screenX: 517,
screenY: 438,
shiftKey: false,
sourceCapabilities: `InputDeviceCapabilities`,
srcElement: a.hacked,
target: a.hacked,
timeStamp: 161482.935,
toElement: a.hacked,
type: `click`,
view: `Window`,
which: 1,
x: 517,
y: 335

You can see we get quite a lot of information from the event object. This can be used to get a lot of different types of information about what just happened. You can then use this to code custom behaviors and interactions.

The event object will change slightly depending on what type of event occurs (ie, a mouse event, a media event, a window scroll event). It can be a good idea when setting up event listeners to log out the event object to see what you have.

Getting the Event Element In Your Event Listener Function

When you have a function hooked up to an event listener, you will often want to get that element and information about it.

For example, when a form submits, you will want to get the values of the fields inside. Take a look at this email signup form below:

<form class="signup">
<label for="email">Email</label>
<input type="email" id="email" name="email" />
<p><input type="submit" value="Signup" /></p>

When we setup an event listener on the form submit

const form = document.querySelecto( `.signup` )
form.addEventListener( `submit`, logEmail )
function logEmail( e ) {
// Keyword "this" logs out the <form> and contents
console.log( this )
// Gets the email field inside the form
const email = this.querySelector( `#email` )

With Event Listeners, the Browser API will automatically assign the keyword this to whatever you attached the event listener to. This makes it very convenient to get information about what the user just interacted with.

In this example below we can log out the link text when the user clicks on the link

const links = Array.from( document.querySelectorAll( `a` ) link => link.addEventListener( `click`, sayHi )
function sayHi( e ) {
// Logs out the text of the link clicked on
console.log( this.innerText )

There is a lot we can do with the information we have covered so far.

Examples of Different Types of Events

There are many different types of events that you can attach event listeners to in JavaScript.

In general they break down into a few different categories:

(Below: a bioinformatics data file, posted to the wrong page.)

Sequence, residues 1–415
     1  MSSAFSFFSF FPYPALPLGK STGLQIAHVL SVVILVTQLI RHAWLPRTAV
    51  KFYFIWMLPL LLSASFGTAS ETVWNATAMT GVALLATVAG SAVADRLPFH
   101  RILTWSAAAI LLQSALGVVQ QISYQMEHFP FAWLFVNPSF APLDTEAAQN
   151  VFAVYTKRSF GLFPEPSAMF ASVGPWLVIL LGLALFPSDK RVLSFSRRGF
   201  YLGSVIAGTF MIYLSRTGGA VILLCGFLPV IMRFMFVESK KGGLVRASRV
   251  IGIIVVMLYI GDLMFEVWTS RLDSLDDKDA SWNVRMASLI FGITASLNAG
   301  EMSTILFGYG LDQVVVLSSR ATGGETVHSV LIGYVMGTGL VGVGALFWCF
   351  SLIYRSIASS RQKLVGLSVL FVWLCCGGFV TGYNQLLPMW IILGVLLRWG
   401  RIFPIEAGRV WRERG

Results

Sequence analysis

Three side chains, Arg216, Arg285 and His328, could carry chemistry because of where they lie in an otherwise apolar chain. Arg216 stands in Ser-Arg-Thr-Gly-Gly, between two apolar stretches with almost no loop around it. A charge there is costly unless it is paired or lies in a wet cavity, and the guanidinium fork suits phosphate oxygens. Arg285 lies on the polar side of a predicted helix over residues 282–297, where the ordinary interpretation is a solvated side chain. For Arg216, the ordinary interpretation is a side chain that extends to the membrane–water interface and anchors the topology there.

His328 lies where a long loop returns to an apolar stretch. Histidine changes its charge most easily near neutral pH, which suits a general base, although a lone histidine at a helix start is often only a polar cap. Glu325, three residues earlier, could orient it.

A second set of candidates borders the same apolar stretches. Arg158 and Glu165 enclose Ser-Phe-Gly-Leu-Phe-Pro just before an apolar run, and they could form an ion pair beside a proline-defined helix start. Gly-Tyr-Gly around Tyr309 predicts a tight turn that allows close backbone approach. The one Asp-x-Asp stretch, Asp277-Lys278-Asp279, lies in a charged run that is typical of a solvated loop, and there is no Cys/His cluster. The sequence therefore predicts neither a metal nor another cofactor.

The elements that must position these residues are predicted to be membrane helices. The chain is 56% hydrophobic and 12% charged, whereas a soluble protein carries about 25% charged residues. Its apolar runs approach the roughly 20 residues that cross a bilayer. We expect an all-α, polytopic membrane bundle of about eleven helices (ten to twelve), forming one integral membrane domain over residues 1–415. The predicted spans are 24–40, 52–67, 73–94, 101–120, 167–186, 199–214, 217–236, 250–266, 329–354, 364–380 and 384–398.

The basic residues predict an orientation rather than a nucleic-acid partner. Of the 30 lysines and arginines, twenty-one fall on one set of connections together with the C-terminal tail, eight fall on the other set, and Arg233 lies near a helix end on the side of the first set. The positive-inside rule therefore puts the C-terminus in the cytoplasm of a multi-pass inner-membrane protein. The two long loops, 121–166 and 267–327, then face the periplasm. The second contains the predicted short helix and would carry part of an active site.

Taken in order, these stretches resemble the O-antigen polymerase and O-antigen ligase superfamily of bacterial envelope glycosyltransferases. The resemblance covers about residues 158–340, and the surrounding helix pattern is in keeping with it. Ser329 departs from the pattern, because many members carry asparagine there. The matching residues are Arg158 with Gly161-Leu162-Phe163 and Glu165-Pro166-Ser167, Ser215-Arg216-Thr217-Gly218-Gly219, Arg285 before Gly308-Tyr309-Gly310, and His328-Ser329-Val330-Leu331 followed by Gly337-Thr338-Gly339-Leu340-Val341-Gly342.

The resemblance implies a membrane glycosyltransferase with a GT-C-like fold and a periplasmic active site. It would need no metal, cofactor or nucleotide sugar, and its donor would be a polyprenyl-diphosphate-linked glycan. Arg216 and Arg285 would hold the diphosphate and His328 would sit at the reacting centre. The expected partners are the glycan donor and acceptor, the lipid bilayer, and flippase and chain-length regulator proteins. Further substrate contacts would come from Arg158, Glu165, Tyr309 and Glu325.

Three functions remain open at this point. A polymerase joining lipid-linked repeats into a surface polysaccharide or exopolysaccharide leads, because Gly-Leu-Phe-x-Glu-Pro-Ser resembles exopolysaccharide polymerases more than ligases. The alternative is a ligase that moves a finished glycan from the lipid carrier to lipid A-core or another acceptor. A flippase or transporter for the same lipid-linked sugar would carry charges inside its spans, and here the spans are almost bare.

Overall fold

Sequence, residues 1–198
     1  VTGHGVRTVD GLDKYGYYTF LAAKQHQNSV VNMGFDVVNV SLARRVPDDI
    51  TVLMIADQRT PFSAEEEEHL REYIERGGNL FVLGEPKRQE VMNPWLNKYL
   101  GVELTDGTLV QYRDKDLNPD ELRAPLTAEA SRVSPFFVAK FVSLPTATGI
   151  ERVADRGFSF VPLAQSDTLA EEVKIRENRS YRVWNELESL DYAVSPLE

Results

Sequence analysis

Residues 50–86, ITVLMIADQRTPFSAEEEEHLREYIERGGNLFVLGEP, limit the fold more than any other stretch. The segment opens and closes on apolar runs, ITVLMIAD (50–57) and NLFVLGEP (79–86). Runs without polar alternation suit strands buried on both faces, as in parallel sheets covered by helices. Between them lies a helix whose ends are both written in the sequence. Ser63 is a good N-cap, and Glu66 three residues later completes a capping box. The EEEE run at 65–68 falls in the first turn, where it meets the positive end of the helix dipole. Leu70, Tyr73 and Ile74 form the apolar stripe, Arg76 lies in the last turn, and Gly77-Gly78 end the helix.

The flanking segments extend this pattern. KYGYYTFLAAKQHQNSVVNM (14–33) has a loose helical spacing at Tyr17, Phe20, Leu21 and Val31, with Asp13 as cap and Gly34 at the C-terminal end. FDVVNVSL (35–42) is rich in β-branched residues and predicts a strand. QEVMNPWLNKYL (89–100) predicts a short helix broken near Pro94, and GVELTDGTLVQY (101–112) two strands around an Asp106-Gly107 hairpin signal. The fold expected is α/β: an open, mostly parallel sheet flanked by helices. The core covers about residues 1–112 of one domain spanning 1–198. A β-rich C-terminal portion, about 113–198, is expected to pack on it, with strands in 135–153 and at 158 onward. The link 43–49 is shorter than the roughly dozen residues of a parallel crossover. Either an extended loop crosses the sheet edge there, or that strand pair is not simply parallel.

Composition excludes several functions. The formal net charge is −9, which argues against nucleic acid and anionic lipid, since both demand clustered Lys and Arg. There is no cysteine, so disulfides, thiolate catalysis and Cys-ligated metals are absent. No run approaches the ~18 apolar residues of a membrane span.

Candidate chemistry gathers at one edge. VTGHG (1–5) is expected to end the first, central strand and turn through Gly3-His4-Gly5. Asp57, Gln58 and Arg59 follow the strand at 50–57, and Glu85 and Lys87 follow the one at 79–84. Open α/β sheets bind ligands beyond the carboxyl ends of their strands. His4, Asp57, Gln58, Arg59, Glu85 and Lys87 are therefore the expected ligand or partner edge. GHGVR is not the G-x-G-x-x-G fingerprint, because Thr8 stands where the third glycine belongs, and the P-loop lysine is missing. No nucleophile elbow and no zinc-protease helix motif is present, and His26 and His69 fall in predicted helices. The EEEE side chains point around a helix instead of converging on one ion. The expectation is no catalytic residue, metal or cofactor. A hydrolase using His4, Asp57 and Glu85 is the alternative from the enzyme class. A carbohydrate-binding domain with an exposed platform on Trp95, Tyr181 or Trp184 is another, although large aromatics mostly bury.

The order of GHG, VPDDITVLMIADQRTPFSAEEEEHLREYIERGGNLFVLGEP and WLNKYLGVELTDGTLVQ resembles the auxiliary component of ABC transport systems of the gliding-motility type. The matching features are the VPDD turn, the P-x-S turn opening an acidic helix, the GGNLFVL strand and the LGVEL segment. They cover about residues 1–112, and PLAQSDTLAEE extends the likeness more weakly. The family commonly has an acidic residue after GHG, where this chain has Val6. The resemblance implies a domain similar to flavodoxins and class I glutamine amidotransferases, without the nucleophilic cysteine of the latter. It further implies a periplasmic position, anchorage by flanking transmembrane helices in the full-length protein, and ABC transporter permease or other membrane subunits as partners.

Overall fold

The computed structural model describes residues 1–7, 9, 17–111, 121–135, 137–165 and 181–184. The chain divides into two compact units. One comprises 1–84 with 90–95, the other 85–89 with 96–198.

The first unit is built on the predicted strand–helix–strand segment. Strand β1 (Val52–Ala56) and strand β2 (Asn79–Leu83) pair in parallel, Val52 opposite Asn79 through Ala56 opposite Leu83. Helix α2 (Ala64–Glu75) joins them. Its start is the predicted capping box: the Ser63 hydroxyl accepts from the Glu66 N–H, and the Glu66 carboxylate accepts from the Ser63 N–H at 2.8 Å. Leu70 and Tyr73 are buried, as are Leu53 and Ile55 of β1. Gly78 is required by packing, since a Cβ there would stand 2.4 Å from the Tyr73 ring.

1. Mouse events

  2. Keyboard events

  3. Form events

  4. Media events

  5. Drag and Drop events

  6. Window events

There are many more types of events, but these are the primary ones.

Less common events may have different levels of support in different (especially older) browsers.

Some events, like keyboard events, may even require different types of coding depending on the browser.

So far we have focused on click events, which are the most common. However, here are some simple examples using other types of events:

Mouse Event Example

This function and event listener below will log out the X and Y position of the mouse wherever it moves on the screen:

document.addEventListener( 'mousemove', logMousePosition);
function logMousePosition() {
console.log( event.clientX + ' x ' + event.clientY );

Notice how the event listener is attached directly to the document object and not to a specific element on the page. This ensures the event will execute continuously.

Keyboard Events Example

In this example below we add an event listener to the keypress event on the document object. Then we can log out all the keys that are pressed.

document.addEventListener( 'keypress', logKeys );
function logKeys() {
let keynum;
if (window.event) {
// For IE
key = event.keyCode;
} else if (event.which) {
// Other browsers
key = event.which;

Notice how if we log the key directly we get a number. However if we can fromCharCode then we get the key we would expect. This is because by default, the Browser API captures each character press as a unique number.

  • Form example

  • Media example

  • Drag and Drop example

Next Steps

The information in this chapter is crucial for using JavaScript on the web. In particular, writing "event listener" or "event handler" functions is going to be a big part of what you do with JavaScript.

Before you proceed, please practice the related exercises until you feel comfortable with the Browser API fundamentals. Then we will get into some fun pulling in content using the Fetch API!